St John's Wort History
Records of St John's wort date back more than 2000 years to the time of ancient Greece.
St John's Wort & Ancient Greece
As a medicinal herb, the ancient Greeks used St John's wort to treat ailments such as scatia and poisonous reptile bites. It was also used to treat anxiety and used as a sleep aid.
The Greeks added mystique to the plant through their belief that the smell of this plant would drive evil spirits away.
Throughout history, St John's wort has been referred to by historic physicians and philosophers.
Greek physician and philosopher Hippocrates recommended Hypericium for 'nervous rest'. Hypericum perforatum is the Latin name for St. John's wort.
During the 16th century, physician Paracelsus recommended using St John's wort to heal wounds and contusions (bruising).
St John's Wort & The Europeans
Within Europe, from which it is indigenous to, St John's wort has traditionally been used to treat burns and wounds. St John's wort is also an established folk remedy of lung and kidney ailments. Europeans have used St John's wort to calm nerves and to help with anxiety and depression.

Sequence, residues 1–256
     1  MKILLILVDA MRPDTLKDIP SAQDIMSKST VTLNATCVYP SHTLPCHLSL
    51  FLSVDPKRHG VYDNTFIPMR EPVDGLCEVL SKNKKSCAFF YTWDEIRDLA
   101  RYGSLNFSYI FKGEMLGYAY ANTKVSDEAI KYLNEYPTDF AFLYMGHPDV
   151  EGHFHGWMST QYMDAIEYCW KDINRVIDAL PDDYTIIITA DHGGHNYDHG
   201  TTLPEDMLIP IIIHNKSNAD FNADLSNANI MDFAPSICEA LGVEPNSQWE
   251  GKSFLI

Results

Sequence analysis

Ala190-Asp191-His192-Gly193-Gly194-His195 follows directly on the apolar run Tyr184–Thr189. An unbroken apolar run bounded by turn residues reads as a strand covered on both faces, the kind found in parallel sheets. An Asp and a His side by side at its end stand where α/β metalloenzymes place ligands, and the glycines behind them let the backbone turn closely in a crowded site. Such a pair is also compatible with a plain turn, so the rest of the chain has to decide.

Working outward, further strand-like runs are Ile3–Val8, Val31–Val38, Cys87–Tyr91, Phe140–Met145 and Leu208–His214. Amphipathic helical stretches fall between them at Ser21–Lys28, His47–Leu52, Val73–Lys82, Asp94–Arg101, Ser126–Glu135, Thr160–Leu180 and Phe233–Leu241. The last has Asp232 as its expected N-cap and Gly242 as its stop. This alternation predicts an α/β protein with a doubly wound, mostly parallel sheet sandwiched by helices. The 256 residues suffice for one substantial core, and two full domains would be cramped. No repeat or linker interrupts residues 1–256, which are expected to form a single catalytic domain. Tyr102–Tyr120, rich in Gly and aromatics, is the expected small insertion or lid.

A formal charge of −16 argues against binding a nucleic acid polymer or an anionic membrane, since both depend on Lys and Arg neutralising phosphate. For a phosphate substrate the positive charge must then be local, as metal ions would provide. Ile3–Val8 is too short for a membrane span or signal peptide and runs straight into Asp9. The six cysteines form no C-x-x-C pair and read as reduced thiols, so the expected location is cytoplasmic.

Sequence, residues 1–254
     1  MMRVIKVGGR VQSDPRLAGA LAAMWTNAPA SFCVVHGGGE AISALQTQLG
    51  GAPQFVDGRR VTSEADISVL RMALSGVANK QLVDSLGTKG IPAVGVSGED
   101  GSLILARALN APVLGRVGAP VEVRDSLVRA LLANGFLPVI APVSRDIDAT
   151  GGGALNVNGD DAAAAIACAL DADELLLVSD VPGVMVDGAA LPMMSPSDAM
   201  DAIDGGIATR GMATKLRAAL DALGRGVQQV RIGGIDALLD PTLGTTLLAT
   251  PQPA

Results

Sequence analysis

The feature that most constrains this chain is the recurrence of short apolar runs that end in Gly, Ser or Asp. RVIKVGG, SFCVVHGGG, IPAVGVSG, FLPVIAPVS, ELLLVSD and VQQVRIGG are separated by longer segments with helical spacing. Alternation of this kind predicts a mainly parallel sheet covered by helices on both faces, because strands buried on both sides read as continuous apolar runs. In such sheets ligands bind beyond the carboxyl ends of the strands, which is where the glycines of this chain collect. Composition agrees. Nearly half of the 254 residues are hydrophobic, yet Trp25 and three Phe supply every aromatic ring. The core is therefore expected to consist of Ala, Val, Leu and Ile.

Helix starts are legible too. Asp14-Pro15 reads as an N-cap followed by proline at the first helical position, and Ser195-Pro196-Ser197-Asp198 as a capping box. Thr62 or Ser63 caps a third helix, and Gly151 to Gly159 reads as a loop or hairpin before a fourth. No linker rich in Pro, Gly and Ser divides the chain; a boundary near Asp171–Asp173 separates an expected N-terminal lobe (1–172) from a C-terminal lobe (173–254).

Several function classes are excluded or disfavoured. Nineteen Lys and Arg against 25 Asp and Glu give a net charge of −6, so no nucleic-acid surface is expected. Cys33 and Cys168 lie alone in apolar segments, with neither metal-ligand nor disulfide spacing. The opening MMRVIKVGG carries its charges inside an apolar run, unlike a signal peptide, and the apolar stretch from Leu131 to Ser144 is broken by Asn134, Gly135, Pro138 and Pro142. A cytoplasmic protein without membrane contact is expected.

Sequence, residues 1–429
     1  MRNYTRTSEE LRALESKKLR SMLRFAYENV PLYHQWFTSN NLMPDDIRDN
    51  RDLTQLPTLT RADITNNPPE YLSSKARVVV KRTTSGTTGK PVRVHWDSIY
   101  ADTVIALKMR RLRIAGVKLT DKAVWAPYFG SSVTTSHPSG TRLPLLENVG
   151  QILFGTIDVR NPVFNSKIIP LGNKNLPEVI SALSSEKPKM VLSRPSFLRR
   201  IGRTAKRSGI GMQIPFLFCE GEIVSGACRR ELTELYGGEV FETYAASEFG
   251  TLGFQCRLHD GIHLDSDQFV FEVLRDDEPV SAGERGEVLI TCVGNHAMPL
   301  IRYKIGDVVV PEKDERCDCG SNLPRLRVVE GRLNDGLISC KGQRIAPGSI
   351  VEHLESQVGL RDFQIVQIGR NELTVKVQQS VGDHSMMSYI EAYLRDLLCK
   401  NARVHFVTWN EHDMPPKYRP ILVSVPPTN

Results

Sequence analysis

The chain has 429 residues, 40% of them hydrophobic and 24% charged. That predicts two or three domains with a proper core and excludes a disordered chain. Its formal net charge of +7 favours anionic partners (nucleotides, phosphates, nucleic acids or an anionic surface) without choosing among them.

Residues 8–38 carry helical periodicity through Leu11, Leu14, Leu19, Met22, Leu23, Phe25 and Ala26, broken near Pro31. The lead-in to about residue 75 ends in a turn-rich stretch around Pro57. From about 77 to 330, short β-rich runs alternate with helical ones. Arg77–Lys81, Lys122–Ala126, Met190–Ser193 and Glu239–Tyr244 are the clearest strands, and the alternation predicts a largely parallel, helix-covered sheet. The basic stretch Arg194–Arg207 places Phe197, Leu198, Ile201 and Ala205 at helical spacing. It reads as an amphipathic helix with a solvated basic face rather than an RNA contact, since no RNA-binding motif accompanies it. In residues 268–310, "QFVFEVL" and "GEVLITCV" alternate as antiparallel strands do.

The name, St John's wort, also has historical significance. The first part, St John, refers to St John the Baptist.
St John's feast day, 24th June, is on the European midsummer day; around the time when St John's wort is at full bloom and harvested. The 'wort' part of the name refers to the old English name for plant.
St John's Wort & The Native Americans
In more recent times, when introduced across the Atlantic to the Americas, the Native Americans have used St John's wort as an:
The antibacterial properties of St John's wort were reported in 1959 and 1971. Hyperforin, one of the main extracts of St John's wort, was analyzed and found to be an active antibacterial substance.
Traditionally, St John's wort has also been used as a herbal tea.